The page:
Liu Shun was the son of Emperor Jing (r. 157-141 BCE) and a concubine named Madam Wang Erxu. Of Emperor Jing’s thirteen known sons, Liu Shun was reportedly the youngest. Shun was much beloved by the emperor, but he was not the heir apparent to the empire—that honor went to Shun’s half-brother, the future Emperor Wu (141-87 BCE). While Wu was prepared for imperial rule, Liu Shun was sent to become the king of Changshan in 145 BCE. Although distance and social hierarchy separated the brothers, the two seemed to remain close even after they took up their political duties. Their parents were likely a contributing factor in their unique sibling relationship, for besides having the same father, the mothers of Wu and Shun were also sisters.
King Liu Shun had a long and peaceful reign, ruling Changshan without incident from 145 to 113 BCE. He reportedly fathered four sons, Liu Zhuo, Liu Bo, Liu Ping and Liu Shang, all said to have been born from different women. Although Zhuo was the eldest of the brothers, King Liu Shun saw little promise in him and did not consider Zhou for succession. The king eventually named Liu Bo as his heir—yet, although Bo was the king’s favorite son, Bo’s mother, Queen Xiu, was Liu Shun’s least favorite of the palace women.
When King Liu Shun was on his deathbed, the dying king was not content with only his queen and heir being present at his side. To bring himself comfort in his final moments, the king asked for all of his favorite concubines to join with the queen in waiting by his bedside. Although the newly arrived women brought a sense of peace to the sickly king, the presence of the concubines also belittled and infuriated Queen Xiu. Instead of staying in the packed room with the concubines, the queen angrily stormed off and refused to leave her personal quarters unless the other women left the king’s bedside. Crown Prince Liu Bo apparently also left his fading father’s side for long periods of time in an attempt to comfort his distraught and bitter mother. Unfortunately for the crown prince and the queen, King Liu Shun died while both of them were away from his deathbed. For the crown prince, this was extremely bad optics, and, in an age where filial piety was of utmost importance, Liu Bo’s absence from his father’s side could be considered by Han officials to be criminal negligence.
Despite the scandal, Liu Bo succeeded in claiming the kingdom of Changshan after his father’s death, yet his grip on power was fragile. Once on the throne, King Liu Bo was allegedly swayed by his mother to disenfranchise his brothers (especially the eldest, Zhuo) from their wealth and influence in Changshan. The ministers and officials in Changshan did not agree with this policy, not to mention the new king’s spurned brothers.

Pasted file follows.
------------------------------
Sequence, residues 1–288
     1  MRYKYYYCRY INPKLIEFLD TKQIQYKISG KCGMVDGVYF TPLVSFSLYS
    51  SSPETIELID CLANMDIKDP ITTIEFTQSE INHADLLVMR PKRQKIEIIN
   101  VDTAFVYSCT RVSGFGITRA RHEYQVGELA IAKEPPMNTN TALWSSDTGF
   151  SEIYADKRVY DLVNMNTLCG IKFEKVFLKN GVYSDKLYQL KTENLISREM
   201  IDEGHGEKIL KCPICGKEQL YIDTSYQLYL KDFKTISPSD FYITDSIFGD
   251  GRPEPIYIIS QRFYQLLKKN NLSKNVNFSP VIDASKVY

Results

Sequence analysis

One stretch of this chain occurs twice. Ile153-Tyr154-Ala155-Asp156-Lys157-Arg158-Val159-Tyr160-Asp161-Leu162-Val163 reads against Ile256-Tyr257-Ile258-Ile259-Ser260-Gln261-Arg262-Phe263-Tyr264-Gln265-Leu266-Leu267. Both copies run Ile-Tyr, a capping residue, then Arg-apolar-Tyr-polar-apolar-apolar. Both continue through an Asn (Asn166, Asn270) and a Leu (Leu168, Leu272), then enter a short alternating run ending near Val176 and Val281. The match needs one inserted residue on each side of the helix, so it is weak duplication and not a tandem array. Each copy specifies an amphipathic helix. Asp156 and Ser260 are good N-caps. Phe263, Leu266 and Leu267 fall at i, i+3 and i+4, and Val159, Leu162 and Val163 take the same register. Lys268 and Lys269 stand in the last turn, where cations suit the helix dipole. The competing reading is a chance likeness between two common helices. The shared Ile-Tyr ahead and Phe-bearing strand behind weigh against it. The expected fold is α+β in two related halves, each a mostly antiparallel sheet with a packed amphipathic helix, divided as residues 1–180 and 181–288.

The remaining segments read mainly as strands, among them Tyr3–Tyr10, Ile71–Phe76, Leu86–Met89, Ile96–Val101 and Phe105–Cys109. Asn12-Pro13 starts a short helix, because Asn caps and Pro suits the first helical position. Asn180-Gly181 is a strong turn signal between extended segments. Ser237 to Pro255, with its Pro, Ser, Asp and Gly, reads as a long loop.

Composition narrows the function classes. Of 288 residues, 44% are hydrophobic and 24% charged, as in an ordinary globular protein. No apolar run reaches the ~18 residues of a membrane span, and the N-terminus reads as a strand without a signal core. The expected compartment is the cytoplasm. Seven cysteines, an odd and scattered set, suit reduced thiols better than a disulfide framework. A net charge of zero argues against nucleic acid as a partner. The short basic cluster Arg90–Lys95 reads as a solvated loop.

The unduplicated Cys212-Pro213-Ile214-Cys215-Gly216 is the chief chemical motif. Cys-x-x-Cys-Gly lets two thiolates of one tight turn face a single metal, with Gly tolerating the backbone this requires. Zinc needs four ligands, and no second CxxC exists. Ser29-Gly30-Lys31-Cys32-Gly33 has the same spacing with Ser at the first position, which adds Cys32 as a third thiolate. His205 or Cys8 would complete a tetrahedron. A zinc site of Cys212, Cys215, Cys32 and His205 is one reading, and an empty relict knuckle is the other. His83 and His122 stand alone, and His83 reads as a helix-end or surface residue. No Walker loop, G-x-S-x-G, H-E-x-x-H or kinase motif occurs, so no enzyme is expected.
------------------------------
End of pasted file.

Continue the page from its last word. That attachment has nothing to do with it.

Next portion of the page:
Liu Zhuo was the brother most infuriated by Bo’s conduct. Zhuo, the eldest sibling, had always felt entitled to power, and if he could not have that, he at least wanted respect. As King Liu Bo was neither sharing power nor showing respect, Zhou decided to devote himself to undermining his little brother’s authority. Therefore, when an official from the central Han government arrived for the late King Liu Shun’s funeral, Zhuo reported to him every piece of damaging information, both fact and rumor alike, that he knew would bring harm to his brother. In consequence of Liu Bo not being at his father’s deathbed, he was charged with not testing the quality and safety of his father’s medicine—a serious allegation of criminal neglect. The Han official was also told that Bo had not mourned his father’s death for the adequate number of days, and was instead seen partying with mistresses in various locations around the kingdom.
When Emperor Wu received reports of these allegations, he launched an investigation into the conduct of his nephews, the princes of Changshan.
After about three months, Emperor Wu and his investigators had made their decision. The emperor decided that Liu Bo and Liu Zhou were both guilty of conduct unbecoming of nobility and therefore unfit to rule. Bo was stripped of his royal title and sent with his mother to live as commoners in Fangling. The exact fate of Liu Zhou was not recorded, but the emperor did not reward him with any wealth or land for testifying against his brother. Instead, Emperor Wu absorbed the region of Changshan under his own jurisdiction and then he gave new kingdoms to the least dramatic of the four brothers—Ping and Shang. While Bo and Zhuo dwindled into obscurity, Liu Ping became the king of Zhending and Liu Shang was appointed king of Sishui.
Written by C. Keith Hansley.
Picture Attribution: (Household from a painting depicting Qingming in peace, c. Ming dynasty (1368–1644), [Public Domain] via Creative Commons).
- The Records of the Grand Historian (Shi ji) by Sima Qian, translated by Burton Watson. New York: Columbia University Press, 1993.